Women are superior to men in every possible way. We know this from watching TV. Sitcoms, for instance, teach us that women are far, far more intelligent than men. Suspense thrillers show us that men are wife-beaters, rapists and murderers while women are either their victims or the intellectually and morally superior saviors who foil our villainy. Dramas demonstrate that women are more honest and faithful than us fickle, cheating men. And watch any action-adventure made within the last few decades, and you’ll see that women are physically stronger, tougher, and better fighters than men are.

This last bit of collective cultural programming has not only convinced Americans of every political stripe that women belong in the Armed Forces, but especially in the combat arms and elite units. This programming isn’t just reinforced on your High Definition Gynovision Set, either. Every female and white knight (which is about 75-90% of the male population in the West) will readily inform you that women are tougher than men. Because childbirth.

The childbirth subject functions as a trump card or smart bomb which ends any debate regarding pain tolerance relative to the sexes. Men have no answer for this smart bomb, because we don’t get pregnant. However, it’s for that very reason I reject the argument. So far as empirical science goes, if you want to test and compare reactions in different test subjects, all subjects must be exposed to the same exact stimulus. Since men don’t get pregnant, childbirth is a ridiculous metric—it makes it impossible to compare apples with apples.

My experiences were what caused me to question this sacred cow; and I’m sure many men have anecdotal evidence to do the same. No doubt many of you have noticed that women generally can’t handle cold temperatures as well as we can. They bruise easier; sprain easier; fatigue easier. Once both I and a female counterpart suffered burns from the same heat source. My burn was deeper and wider, and hurt like a blind mother, yet it was her who couldn’t shut up about all the pain she was suffering for the next two weeks.

Before the Feminist Cancer had worked its way completely through the American military, the only time I encountered uniformed females was when my unit was assigned to train ROTC cadets. These kickass Womyn Warriors only had to carry from ½ to 2/3rds of what their male counterparts carried (thanks to white knights redistributing the load in the name of “equality”), yet couldn’t keep up with their units on short marches, and bellyached the entire way. (The breakdown in noise discipline and discipline, period, would never have been tolerated from men back in those days.)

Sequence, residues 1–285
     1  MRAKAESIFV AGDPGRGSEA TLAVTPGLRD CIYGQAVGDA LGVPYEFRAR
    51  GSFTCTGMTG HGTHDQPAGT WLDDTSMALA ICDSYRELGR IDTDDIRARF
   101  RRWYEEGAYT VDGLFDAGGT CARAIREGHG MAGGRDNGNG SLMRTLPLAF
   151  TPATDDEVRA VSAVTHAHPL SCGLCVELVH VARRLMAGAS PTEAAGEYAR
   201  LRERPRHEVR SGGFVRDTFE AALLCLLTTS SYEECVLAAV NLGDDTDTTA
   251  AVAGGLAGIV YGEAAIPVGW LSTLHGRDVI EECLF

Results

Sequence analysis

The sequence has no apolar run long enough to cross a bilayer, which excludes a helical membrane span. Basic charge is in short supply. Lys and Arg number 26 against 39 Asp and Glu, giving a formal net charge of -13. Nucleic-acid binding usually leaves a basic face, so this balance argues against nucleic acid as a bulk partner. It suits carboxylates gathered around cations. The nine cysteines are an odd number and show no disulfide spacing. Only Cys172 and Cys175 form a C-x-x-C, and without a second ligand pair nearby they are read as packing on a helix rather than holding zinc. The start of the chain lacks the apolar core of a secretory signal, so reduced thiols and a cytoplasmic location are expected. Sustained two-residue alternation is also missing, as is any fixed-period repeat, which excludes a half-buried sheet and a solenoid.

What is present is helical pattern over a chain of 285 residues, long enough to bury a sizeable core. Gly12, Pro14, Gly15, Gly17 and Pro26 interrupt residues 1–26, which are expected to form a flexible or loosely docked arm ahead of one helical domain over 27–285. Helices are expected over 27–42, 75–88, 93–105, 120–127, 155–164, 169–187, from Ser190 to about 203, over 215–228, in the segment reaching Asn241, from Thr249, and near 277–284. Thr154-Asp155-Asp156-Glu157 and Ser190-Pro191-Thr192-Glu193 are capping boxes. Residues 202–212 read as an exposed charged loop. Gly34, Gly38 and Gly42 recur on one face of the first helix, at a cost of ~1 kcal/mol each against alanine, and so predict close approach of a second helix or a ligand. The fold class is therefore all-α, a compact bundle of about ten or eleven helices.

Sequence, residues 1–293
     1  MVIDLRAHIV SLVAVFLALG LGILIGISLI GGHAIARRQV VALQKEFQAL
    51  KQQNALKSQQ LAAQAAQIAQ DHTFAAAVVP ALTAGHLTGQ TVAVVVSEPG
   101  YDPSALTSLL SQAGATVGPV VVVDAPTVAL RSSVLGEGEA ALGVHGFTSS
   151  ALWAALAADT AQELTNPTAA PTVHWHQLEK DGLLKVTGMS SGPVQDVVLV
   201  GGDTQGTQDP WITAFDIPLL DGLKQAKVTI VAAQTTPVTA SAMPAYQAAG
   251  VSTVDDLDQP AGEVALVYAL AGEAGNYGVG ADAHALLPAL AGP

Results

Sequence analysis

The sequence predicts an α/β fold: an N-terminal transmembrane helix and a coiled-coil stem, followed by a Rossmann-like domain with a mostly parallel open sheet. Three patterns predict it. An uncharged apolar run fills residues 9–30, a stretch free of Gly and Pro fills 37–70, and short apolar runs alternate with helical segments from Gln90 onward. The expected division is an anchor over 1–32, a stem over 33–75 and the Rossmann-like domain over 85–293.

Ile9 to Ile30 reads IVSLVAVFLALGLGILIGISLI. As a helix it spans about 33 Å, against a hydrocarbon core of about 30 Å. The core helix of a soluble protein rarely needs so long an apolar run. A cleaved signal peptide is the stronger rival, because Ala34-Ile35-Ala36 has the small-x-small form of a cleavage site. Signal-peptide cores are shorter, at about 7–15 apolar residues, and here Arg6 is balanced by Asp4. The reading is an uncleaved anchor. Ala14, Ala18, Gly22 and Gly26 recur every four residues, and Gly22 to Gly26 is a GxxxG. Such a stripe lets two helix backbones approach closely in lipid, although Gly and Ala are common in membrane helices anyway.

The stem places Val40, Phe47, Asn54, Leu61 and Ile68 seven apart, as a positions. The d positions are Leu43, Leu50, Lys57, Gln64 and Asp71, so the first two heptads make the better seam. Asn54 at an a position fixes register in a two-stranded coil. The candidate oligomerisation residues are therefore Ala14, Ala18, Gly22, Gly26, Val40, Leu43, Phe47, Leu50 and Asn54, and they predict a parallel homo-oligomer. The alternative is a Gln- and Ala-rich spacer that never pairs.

None of this should be surprising. According to a 2012 Stanford University study, women tend to rate pain input as more acute by a point higher than men on a 1-10 scale. A 2009 University of Florida study found that women show greater sensitivity to most forms of pain; take more pain killers; visit the doctor more for pain; whereas men showed a higher tolerance for physical discomfort of most kinds. Of course, scientific studies are not ironclad proof of anything, since pain is so subjective. So don’t let anyone get away with claiming that the pain tolerance argument is “settled science.”

The GrrrlPower Gang will likely purport that men can handle certain types of pain better simply because the human male body was designed in such a way as to better withstand extreme temperatures, physical blows, heavier burdens, etc. Fair enough—I concur. But I’ll add that the female body was likewise designed to carry and give birth to children. (Gee…it’s almost like men and women are designed, physiologically, to fulfill different roles.)

The blue pill world is convinced that childbirth is the pinnacle of physical suffering—mostly because women have been complaining about it, and telling us that it is, for thousands of years. Again, pain is too subjective to ever devise a universal measuring rod. But if there was some way to objectively quantify the pain of childbirth, then subject the average man to the same exact dose, I suspect he wouldn’t complain nearly as loud or persistently. If he did, you and I would probably tell him to shut up, suck it up and drive on. Frankly, even those of us who aren’t white knights don’t like to see females suffer; so we would never react to a woman giving birth with such enforcement of equality.

Here’s what most of you reading this article already know about women: all but maybe the very best of them are Drama Machines and Attention Whores. They want to receive the highest accolades that men can earn but without earning it themselves. One tactic they believe will help steer them toward their rightful place on our pedestals is to convince us that they can endure suffering beyond what a mere man can possibly imagine. The culture at large (and most individual women in the West) have assigned themselves the daunting task of presenting women as superior to men, yet simultaneously oppressed victims of us. This narrative necessitates cognitive gymnastics, hyper-selective reporting, and creative rhetoric to maintain.

Women are not the masters at pain tolerance. What they are masters of (Western women, at least) is talking shit. There’s likely no benefit to wasting logical arguments to dispute their Womyn Warrior Narrative and its Childbirth Cornerstone. But next time a woman bitches about a bruise, scrape, chapped lips, or some other horrendous boo-boo, just remind her of her superhuman pain tolerance and follow up with a remark like, “I thought you were supposed to be tough.” The results might be fun.

Read Next: How To Grow In Times Of Pain


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